Policy support needed to stop urban flooding

09:05, July 29, 2011      

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"A view of the sea in the cities" is a popular saying online this summer after torrential rain drenched cities like Shijiazhuang and Zhengzhou on July 26. According to statistics released by the Ministry of Housing and Urban-Rural Development, 62 percent of Chinese cities have suffered urban flooding from 2008 to 2010.

As the chances of extreme weather increase, the standard for urban drainage system seems to be rather low. Because of insufficient investment and historical debt, the construction of the city drainage network has lagged behind urbanization.

City drains, pipe networks and pumping stations are not well planned. The drainage systems were not scientifically designed and are small in scope. At present, the drainage systems in cities above the provincial level are of one year return or two year return period, let alone those in lower level cities.

The rapid development of cities lies in stark contrast to the underdevelopment of the underground drainage system, which is beyond repair. In recent years, urban development has been carried out at top speed, with increasingly large investment, expanding scale, skyscrapers, broad avenues and large squares. Under these circumstances, urban flooding cannot be simply explained as "a technical problem."

A lot of Chinese cities have made efforts to cure this chronic disease, but achieved few effects in the repair of seepage points and network renovation. For instance, the mayor of Zhengzhou made an open apology for urban flooding last year and the city started to repair the seepage points afterwards. But the repaired seepage points still could not withstand the torrential rains this summer.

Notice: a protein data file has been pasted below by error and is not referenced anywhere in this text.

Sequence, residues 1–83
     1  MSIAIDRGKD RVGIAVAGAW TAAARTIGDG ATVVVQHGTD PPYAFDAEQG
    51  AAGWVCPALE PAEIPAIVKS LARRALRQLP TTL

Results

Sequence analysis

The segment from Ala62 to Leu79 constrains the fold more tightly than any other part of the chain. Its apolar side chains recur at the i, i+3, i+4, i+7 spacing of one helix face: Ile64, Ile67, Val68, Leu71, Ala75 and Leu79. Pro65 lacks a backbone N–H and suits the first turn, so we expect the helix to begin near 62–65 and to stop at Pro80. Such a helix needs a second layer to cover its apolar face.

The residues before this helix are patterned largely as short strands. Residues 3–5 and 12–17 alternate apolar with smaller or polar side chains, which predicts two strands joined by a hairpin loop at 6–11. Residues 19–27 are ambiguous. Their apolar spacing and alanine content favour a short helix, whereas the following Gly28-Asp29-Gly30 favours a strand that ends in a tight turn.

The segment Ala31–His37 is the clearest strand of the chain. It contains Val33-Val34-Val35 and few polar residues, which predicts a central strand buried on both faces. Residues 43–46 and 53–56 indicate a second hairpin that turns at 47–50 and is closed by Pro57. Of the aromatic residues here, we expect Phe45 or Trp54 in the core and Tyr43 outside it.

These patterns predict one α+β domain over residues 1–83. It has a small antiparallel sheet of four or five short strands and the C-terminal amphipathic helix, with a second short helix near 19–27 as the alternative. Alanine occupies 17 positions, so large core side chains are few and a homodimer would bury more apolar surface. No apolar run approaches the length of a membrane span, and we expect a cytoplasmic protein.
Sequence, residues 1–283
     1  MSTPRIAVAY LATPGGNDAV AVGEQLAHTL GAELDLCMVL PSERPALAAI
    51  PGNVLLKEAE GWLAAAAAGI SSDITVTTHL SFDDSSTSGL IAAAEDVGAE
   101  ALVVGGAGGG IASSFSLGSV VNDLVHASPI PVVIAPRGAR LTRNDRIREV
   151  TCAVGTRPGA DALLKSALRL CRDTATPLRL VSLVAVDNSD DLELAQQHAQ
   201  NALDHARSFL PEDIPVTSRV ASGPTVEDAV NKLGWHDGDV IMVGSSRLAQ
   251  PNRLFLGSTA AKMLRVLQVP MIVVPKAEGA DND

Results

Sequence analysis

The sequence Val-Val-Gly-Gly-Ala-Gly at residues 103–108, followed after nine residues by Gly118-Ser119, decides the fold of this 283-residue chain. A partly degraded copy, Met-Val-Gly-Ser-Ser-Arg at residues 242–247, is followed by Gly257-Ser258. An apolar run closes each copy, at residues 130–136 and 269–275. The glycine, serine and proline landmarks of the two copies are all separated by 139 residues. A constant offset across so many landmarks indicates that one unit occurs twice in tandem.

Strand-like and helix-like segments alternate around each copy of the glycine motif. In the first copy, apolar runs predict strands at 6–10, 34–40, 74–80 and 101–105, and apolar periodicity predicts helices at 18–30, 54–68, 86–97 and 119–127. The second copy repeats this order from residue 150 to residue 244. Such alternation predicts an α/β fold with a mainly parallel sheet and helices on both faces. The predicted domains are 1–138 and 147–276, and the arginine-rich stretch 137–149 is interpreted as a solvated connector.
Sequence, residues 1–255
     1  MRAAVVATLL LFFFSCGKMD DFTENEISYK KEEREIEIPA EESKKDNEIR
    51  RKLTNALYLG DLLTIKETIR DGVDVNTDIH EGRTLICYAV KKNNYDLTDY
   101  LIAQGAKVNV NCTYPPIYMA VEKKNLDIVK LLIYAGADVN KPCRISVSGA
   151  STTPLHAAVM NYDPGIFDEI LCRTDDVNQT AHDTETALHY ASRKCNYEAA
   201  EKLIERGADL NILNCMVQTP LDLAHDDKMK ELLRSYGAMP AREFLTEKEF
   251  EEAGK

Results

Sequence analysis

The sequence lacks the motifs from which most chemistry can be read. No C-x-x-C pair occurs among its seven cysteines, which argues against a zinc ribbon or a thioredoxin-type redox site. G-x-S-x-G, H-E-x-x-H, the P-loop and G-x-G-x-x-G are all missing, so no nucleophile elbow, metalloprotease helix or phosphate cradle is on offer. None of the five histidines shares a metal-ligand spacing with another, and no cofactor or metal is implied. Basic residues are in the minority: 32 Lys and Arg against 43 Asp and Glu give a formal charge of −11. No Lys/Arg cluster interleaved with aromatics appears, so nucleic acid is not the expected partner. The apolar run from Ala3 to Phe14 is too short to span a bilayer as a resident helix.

We need to take the measure of patching up when dealing with urban drainage system, the city's artery. Stopgap measures will not produce lasting effects as past experiences show. The treatment of urban flooding calls for a long-term plan and responsibility as well as a sound public administration and emergency response mechanism.

In addition, urban flooding is a "systematic disease," which involves planning, traffic, water resources and meteorological factors. Combined strength can only be formed through the establishment of a set of communication and coordination mechanism. The combination of drainage and water storage needs investment of money and technology, and more importantly, the concerted effort of all the departments concerned.

Measures Wuhan has taken are quite thought-provoking. The city's discipline inspection commission circulated a notice of criticism for the person-in-charge on July 21 that the chief of water affairs bureau got administrative warning and the deputy chief sacked.

Such an accountability system touched the root of urban flooding. The slow underground construction, in the final analysis, reflects the fact that some persons in charge are eager for quick success and instant benefit. They are more likely to pay attention to the urban changes and the rapid growth of economic indexes, which could bring them opportunities for further promotion. It is impossible for them to attach great importance to, make deep research on and find a quick solution to the "invisible projects."

What we need for dealing with urban waterlog is conscientiousness for urban prosperity and people's happiness, rather than money and technology. The change of some cadres' achievement view also needs support from relevant policies and regulations. We need to change the current check up system that heavily relies on GDP growth and make "invisible project" such as drainage system the "official achievement." That is the best way to satisfy the impulse of those in charge of urban management to seek achievement.

"The sewer is the conscience of the city," French writer Victor Hugo wrote in 1862 of Paris' sewers. Now, more than 100 years later, his words still carry realistic significance. A wave of renovation and rebuilding of the urban drainage system would be carried out after the chaos triggered by torrential rain. Those in charge of urban management must observe the principle of "achievement may not be necessarily made during my tenure" and being responsible for the public and the future. Only through these ways can we find the root cause of the problem and realize the goal of "better city, better life."

By Zhang Xinyi, People's Daily Online

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